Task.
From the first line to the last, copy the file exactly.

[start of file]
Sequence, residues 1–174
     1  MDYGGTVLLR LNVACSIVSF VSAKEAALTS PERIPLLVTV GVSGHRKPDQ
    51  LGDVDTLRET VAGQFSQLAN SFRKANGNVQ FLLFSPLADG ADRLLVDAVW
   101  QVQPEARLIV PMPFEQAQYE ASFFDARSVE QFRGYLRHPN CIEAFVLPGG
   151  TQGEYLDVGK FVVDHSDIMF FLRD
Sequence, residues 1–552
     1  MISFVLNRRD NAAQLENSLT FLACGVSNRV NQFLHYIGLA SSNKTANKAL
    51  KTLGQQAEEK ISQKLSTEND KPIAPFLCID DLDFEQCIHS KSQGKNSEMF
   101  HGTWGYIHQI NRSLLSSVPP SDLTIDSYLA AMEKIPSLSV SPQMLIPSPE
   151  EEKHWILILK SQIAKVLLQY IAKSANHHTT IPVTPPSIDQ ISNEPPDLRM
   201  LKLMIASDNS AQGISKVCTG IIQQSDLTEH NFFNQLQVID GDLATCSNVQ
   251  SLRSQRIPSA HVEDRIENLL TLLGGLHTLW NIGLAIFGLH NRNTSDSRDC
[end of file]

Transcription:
Sequence, residues 1–174
     1  MDYGGTVLLR LNVACSIVSF VSAKEAALTS PERIPLLVTV GVSGHRKPDQ
    51  LGDVDTLRET VAGQFSQLAN SFRKANGNVQ FLLFSPLADG ADRLLVDAVW
   101  QVQPEARLIV PMPFEQAQYE ASFFDARSVE QFRGYLRHPN CIEAFVLPGG
   151  TQGEYLDVGK FVVDHSDIMF FLRD
Sequence, residues 1–552
     1  MISFVLNRRD NAAQLENSLT FLACGVSNRV NQFLHYIGLA SSNKTANKAL
    51  KTLGQQAEEK ISQKLSTEND KPIAPFLCID DLDFEQCIHS KSQGKNSEMF
   101  HGTWGYIHQI NRSLLSSVPP SDLTIDSYLA AMEKIPSLSV SPQMLIPSPE
   151  EEKHWILILK SQIAKVLLQY IAKSANHHTT IPVTPPSIDQ ISNEPPDLRM
   201  LKLMIASDNS AQGISKVCTG IIQQSDLTEH NFFNQLQVID GDLATCSNVQ
   251  SLRSQRIPSA HVEDRIENLL TLLGGLHTLW NIGLAIFGLH NRNTSDSRDC